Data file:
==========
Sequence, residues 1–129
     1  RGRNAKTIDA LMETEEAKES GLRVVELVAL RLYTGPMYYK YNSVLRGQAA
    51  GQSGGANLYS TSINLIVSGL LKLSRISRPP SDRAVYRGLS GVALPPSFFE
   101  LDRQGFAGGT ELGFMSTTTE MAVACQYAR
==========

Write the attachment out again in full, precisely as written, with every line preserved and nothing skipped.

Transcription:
Sequence, residues 1–129
     1  RGRNAKTIDA LMETEEAKES GLRVVELVAL RLYTGPMYYK YNSVLRGQAA
    51  GQSGGANLYS TSINLIVSGL LKLSRISRPP SDRAVYRGLS GVALPPSFFE
   101  LDRQGFAGGT ELGFMSTTTE MAVACQYAR